Upcoming relief for the strict Dutch cookie-regime?

By Gerrit-Jan Zwenne, Berend van der Eijk


A recent proposal aims to introduce a de-facto lighter regime for so-called first party cookies used for analytics and statistics.

On 21 November 2012, a proposal was filed by the Dutch liberal party D66 to liberate websites from the strict Dutch cookie regime. Under the proposal, if those websites use cookies for statistical and analytical purposes only, cookies would not require an expressed consent as this is generally the case in The Netherlands. According to Kees Verhoeven, MP for D66, the current cookie-legislation causes problems and creates a lack of clarity in practice. A more lenient regime for first party analytic cookies could fall within the scope of the current legislation as a matter of interpretation.

The proposed interpretation seems to take the recent opinion of the article 29 Working Party into account, in which the Working Party considers that “first party analytics cookies are not likely to create a privacy risk when they are strictly limited to first party aggregated statistical purposes.” This nuance has been adopted in the proposal as well, where it is noted that the lighter regime only applies in case the data is only aggregated for analytical purposes and not shared with other entities. The minister of Economic Affairs seems willing to anticipate to the European developments and potential amendments of the ePrivacy Directive.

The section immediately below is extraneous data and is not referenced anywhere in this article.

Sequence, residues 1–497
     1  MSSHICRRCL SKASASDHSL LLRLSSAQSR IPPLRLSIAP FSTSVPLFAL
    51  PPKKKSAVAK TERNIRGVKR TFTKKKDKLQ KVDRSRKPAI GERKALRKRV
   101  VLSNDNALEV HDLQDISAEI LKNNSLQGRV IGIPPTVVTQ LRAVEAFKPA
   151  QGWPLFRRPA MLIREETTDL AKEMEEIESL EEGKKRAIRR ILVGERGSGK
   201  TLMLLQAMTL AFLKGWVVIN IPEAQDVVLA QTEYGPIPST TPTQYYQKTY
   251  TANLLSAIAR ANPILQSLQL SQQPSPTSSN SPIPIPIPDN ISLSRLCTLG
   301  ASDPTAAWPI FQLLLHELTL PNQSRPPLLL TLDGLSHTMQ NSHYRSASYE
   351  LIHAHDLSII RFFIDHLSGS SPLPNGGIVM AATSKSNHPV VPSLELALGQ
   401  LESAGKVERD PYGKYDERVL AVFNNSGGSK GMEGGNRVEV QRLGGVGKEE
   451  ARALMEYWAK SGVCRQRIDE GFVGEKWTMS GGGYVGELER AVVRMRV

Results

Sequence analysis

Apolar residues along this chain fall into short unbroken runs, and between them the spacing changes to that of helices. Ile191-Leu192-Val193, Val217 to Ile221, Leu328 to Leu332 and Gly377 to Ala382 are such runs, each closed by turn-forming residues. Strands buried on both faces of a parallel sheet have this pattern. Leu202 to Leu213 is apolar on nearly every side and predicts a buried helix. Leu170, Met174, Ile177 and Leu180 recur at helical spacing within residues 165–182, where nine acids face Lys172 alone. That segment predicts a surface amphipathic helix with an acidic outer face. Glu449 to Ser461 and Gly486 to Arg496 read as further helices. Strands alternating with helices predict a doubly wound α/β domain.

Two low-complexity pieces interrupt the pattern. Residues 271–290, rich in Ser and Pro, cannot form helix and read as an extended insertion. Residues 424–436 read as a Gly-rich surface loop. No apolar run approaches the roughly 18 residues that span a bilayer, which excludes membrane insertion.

The proposal is backed by many stakeholders including the Dutch Dialogue Market Association, the IAB and Branch Association VNO-NCW, who argue that this could be a considerable relief for many websites that use first party analytics tools.

It is now up to the Minister to table a proposal for further steps before the end of 2012. For more of an overview of our coverage of Dutch and European cookie-legislation, please click here.

Related newsletters:

- Condensed translation of OPTA's cookie FAQ

- Dutch regulator OPTA plans on cookie supervision by automated means

- Overview of the new rules

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Berend van der Eijk

Berend van der Eijk


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